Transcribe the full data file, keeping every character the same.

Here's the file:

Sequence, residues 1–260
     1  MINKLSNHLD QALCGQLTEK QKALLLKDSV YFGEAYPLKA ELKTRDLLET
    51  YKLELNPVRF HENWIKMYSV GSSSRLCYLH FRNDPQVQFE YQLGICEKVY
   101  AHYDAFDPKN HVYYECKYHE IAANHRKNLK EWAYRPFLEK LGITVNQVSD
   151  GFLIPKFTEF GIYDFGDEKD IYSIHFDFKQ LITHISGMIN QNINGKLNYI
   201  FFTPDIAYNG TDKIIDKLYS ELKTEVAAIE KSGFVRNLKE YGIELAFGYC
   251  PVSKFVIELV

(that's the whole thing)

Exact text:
Sequence, residues 1–260
     1  MINKLSNHLD QALCGQLTEK QKALLLKDSV YFGEAYPLKA ELKTRDLLET
    51  YKLELNPVRF HENWIKMYSV GSSSRLCYLH FRNDPQVQFE YQLGICEKVY
   101  AHYDAFDPKN HVYYECKYHE IAANHRKNLK EWAYRPFLEK LGITVNQVSD
   151  GFLIPKFTEF GIYDFGDEKD IYSIHFDFKQ LITHISGMIN QNINGKLNYI
   201  FFTPDIAYNG TDKIIDKLYS ELKTEVAAIE KSGFVRNLKE YGIELAFGYC
   251  PVSKFVIELV